“It was simultaneously a big win for AI — to show that this is possible, and you can have AI come up with a meaningful suggestion — and you can turn it over to a really engaged patient community and they’re willing to run with it from there,” said Might.
But families affected by rare disease can only run so far on their own. AI got them off the blocks by uncovering the potential of a repurposed drug, and they’ve sprinted through the first clinical trial in record time. To determine whether ketamine is safe and effective enough to use as a treatment for ADNP syndrome, they’ll need to start training for a marathon.
Kolevzon plans to finish up the study’s analysis and submit for publication by the end of the year, and is already planning a randomized controlled trial with blinding.
With more participants, it likely won’t be practical to ask kids and their families to travel to New York for weeks on end. So Kolevzon is considering a different dosing schedule and other delivery modes — including a nasal spray, oral, and subcutaneous delivery — to make a more distributed trial possible.
“We want to design it in a way that it can actually get approved,” said Kolevzon. “Because at the end of the day, if we’re going to make this available to the families, it needs to be covered by insurance. And in order to get it covered by insurance, it needs to be approved by the FDA.”
The first ketamine trial was unique in its speed and low cost. A virtual charity run organized by the foundation raised $150,000 and paid for the first study in full, with average donations in the range of $20 to $100. “There’s no way we can keep up,” said Sermone, who guesses the next study will cost more than $1 million. The foundation had another fundraiser at the end of July, but these families can only tap their networks so often; this time, they raised only $100,000.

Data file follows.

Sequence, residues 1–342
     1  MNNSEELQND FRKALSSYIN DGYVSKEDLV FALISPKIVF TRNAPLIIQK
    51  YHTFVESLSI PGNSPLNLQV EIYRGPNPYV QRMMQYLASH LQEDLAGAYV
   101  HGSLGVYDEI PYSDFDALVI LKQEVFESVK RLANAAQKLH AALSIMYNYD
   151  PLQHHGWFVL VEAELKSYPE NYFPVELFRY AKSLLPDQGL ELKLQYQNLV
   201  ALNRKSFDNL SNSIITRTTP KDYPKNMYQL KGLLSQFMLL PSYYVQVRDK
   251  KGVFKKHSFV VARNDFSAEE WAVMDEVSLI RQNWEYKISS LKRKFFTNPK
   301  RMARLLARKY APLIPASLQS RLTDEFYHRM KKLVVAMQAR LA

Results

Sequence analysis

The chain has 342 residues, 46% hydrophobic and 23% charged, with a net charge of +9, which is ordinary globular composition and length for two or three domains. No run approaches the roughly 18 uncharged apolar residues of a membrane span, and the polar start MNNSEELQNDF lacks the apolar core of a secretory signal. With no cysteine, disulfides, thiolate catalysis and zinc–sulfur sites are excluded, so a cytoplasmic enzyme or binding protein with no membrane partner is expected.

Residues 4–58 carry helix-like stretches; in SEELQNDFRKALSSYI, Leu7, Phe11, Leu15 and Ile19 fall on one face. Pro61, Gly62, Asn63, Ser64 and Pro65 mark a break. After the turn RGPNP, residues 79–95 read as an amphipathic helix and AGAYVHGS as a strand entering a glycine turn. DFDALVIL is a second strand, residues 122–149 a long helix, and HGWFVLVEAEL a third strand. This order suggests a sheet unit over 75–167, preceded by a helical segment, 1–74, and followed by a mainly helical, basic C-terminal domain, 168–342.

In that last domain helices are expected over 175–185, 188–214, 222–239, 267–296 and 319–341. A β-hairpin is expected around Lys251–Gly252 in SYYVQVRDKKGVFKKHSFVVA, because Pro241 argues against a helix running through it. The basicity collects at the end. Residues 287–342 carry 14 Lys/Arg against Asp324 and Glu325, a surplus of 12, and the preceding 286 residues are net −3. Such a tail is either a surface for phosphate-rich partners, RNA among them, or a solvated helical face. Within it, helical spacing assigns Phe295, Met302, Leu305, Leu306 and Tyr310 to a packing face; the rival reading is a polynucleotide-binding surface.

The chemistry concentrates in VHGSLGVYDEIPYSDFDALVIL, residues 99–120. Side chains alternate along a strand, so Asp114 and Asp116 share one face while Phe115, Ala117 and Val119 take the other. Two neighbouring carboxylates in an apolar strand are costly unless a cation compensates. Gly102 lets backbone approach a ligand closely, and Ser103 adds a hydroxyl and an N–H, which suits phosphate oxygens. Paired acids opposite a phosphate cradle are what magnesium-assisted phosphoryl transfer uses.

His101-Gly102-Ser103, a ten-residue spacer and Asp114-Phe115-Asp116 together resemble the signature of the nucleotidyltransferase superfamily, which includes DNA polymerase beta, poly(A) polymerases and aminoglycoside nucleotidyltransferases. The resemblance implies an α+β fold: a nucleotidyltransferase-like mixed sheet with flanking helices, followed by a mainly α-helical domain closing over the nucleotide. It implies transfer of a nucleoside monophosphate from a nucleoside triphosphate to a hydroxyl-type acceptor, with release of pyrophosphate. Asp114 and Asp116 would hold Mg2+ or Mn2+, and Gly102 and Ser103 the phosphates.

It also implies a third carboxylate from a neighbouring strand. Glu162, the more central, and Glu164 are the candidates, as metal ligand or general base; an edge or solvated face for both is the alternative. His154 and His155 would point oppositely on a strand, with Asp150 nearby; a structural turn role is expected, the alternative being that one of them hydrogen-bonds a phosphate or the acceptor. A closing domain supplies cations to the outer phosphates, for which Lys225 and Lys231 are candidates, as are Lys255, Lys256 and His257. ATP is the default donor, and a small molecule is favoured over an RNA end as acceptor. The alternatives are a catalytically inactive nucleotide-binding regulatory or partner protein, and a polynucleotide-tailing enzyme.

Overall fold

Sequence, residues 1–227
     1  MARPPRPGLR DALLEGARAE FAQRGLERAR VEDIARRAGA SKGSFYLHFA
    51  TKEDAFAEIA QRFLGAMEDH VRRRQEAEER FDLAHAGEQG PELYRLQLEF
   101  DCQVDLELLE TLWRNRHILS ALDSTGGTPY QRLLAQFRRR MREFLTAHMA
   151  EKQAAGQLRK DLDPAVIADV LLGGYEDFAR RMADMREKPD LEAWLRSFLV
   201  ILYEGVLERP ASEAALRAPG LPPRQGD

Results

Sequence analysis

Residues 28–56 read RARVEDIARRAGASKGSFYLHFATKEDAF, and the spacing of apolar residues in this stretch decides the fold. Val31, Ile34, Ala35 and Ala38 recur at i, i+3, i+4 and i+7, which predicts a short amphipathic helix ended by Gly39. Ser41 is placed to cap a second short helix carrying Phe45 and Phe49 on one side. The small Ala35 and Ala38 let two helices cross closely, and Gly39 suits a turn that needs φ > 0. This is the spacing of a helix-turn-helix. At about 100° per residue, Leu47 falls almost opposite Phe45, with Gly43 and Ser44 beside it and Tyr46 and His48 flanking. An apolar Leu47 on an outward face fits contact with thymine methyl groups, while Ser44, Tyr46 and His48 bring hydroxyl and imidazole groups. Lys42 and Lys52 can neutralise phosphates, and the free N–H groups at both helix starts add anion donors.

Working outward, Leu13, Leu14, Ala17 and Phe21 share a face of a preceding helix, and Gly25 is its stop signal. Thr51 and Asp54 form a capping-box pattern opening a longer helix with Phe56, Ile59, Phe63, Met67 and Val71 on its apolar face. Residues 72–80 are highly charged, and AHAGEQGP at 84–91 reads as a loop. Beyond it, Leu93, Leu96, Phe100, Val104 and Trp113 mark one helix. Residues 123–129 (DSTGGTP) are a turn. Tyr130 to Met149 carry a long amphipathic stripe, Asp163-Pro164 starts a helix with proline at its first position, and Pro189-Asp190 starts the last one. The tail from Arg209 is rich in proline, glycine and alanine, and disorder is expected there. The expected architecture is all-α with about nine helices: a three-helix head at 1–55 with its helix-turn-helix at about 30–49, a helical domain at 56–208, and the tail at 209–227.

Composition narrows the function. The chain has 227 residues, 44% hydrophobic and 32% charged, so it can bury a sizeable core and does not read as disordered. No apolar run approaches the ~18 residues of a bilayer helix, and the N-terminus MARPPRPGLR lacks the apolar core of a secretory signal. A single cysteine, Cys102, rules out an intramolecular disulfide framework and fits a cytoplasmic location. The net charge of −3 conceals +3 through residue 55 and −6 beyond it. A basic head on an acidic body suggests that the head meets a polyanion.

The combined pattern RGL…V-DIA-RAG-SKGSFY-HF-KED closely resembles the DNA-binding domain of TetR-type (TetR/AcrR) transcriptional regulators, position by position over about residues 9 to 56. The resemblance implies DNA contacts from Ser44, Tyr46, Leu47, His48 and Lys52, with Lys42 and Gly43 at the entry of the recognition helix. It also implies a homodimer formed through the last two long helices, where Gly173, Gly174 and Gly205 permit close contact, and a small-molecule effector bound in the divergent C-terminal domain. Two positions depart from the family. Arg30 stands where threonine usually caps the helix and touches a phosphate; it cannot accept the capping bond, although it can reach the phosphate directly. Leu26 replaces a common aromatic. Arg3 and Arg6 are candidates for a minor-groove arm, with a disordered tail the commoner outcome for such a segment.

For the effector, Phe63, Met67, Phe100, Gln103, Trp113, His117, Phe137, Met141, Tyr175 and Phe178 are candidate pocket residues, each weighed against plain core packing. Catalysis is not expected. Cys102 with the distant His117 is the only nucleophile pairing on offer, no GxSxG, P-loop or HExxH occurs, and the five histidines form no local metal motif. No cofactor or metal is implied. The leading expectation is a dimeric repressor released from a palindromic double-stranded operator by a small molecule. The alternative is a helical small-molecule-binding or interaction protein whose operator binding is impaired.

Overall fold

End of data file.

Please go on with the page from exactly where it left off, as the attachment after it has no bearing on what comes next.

“We need to have Richard Branson or somebody become a sugar daddy,” Malvagno quipped.
More likely will be traditional funding sources, like grants from the National Institutes of Health. If ketamine is shown to upregulate ADNP in the study, it could also catch the attention of scientists and funding organizations invested in research on other disorders. ADNP mutations are one of the most frequent single-gene causes of autism, and the protein regulates more than 400 other genes.
“That’s always been our strategy,” said Kolevzon. “When you take relatively common forms of autism spectrum disorder, the idea is we’re trying to use those specific genetic forms to understand autism more broadly.”